CLDF Title
Home | Contact Us | Bookmark
HBV HE HCC HCV
About CLDF Centers of Educational Expertise  
CME Dinner Meetings Webcasts Slide Library Abstract Library Conference Highlights
 
Back  
 
Reuters Health Information (2006-06-15): Obesity tied to HCV treatment failure

Clinical

Obesity tied to HCV treatment failure

Last Updated: 2006-06-15 9:55:02 -0400 (Reuters Health)

NEW YORK (Reuters Health) - Obese patients with chronic hepatitis C virus (HCV) are more likely to have a better outcome if the underlying abnormalities caused by excessive adipose tissue are corrected, according to a review in the June issue of Hepatology.

The lead author, Dr. Michael R. Charlton of the Mayo Clinic, Rochester, Minnesota, and colleagues observe that the current understanding of obesity "is that it constitutes a metabolic condition and is not simply a function of having high body weight."

In HCV patients, they add, "obesity is associated with inflammation, insulin resistance, steatosis, progression of fibrosis, and nonresponse to treatment with interferon or peginterferon alpha and ribavirin."

Moreover, patients with both hepatitis C and obesity-related nonalcoholic fatty liver disease are at greater risk for more advanced liver disease.

Weight loss to reduce fat tissue is an important first step in improving response to treatment, say the investigators. Also important is use of drugs such as metformin and pioglitazone that improve insulin sensitivity and reduce fat accumulation in the liver. This might reverse disease progression.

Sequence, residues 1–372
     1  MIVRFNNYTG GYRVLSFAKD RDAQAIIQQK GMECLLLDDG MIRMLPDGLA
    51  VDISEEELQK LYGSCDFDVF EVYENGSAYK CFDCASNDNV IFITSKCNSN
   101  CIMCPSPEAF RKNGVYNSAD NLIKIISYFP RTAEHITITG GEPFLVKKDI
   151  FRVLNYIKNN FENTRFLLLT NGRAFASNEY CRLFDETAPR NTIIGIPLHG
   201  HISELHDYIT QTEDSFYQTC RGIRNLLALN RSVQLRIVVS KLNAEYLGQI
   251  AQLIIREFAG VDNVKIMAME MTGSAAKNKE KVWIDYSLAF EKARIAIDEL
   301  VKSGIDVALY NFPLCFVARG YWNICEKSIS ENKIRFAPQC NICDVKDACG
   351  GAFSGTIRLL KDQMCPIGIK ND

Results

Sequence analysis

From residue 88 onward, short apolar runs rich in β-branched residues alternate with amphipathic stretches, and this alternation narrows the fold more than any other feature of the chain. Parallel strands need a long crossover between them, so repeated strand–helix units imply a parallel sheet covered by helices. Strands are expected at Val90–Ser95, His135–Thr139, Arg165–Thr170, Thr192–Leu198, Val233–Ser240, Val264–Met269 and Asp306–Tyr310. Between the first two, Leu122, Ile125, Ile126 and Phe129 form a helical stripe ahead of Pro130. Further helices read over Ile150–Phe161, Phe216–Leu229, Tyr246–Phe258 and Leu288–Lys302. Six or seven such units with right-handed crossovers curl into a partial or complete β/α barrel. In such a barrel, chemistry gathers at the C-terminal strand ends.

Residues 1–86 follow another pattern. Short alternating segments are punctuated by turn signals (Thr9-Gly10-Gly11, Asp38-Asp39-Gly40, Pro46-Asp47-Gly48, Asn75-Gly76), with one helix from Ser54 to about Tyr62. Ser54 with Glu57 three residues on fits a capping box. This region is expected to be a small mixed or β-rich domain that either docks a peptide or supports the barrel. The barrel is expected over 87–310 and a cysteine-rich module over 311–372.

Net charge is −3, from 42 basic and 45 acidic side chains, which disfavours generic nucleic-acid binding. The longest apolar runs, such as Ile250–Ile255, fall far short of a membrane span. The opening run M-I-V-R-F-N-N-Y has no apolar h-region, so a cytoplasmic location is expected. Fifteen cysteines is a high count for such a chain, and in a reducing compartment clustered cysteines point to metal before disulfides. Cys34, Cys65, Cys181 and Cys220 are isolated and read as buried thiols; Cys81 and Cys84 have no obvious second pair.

Other approaches to enhance combination drug therapy may include longer duration of treatment and higher doses to counteract the decreased bioavailability. In addition, rather than basing doses on weight, use of peginterferon, for example, could be founded on a threshold body mass index.

"Treatment strategies that focus on improving underlying metabolic factors associated with poor response to combination therapy," conclude the researchers, are "more likely to overcome the low sustained viral response rates observed in obese patients infected with HCV."

Hepatology 2006;43:1177-1186.

 
 
 
 
                 
 
HBV
Webcasts
Slide Library
Abstract Library
 
HE
CME Dinner Meeting
Webcasts
Slide Library
Abstract Library
 
HCC
Slide Library
Abstract Library
 
 
HCV
Webcasts
Slide Library
Abstract Library
 
CLDF Follow Us
   
 
About CLDF
Mission Statement
Board of Trustees
Board of Advisors
CLDF Supporters
 
Other Resources
Liver News Library
Journal Abstracts
Hep C Link to Care
 
Centers of
Educational Expertise
Regional Map
     
   
  The Chronic Liver Disease Foundation is a non-profit organization with content developed specifically for healthcare professionals.
© Copyright 2012-2014 Chronic Liver Disease Foundation. All rights reserved. This site is maintained as an educational resource for US healthcare providers only.
Use of this Web site is governed by the Chronic Liver Disease Foundation terms of use and privacy statement.